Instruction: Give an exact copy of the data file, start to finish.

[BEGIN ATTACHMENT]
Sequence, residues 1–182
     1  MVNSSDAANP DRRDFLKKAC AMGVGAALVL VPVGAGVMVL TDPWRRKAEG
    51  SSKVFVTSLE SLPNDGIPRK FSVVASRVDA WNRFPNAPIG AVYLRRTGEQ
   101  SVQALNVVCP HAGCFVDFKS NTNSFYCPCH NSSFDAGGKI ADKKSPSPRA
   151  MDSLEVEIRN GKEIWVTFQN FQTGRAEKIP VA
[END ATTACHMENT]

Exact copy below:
Sequence, residues 1–182
     1  MVNSSDAANP DRRDFLKKAC AMGVGAALVL VPVGAGVMVL TDPWRRKAEG
    51  SSKVFVTSLE SLPNDGIPRK FSVVASRVDA WNRFPNAPIG AVYLRRTGEQ
   101  SVQALNVVCP HAGCFVDFKS NTNSFYCPCH NSSFDAGGKI ADKKSPSPRA
   151  MDSLEVEIRN GKEIWVTFQN FQTGRAEKIP VA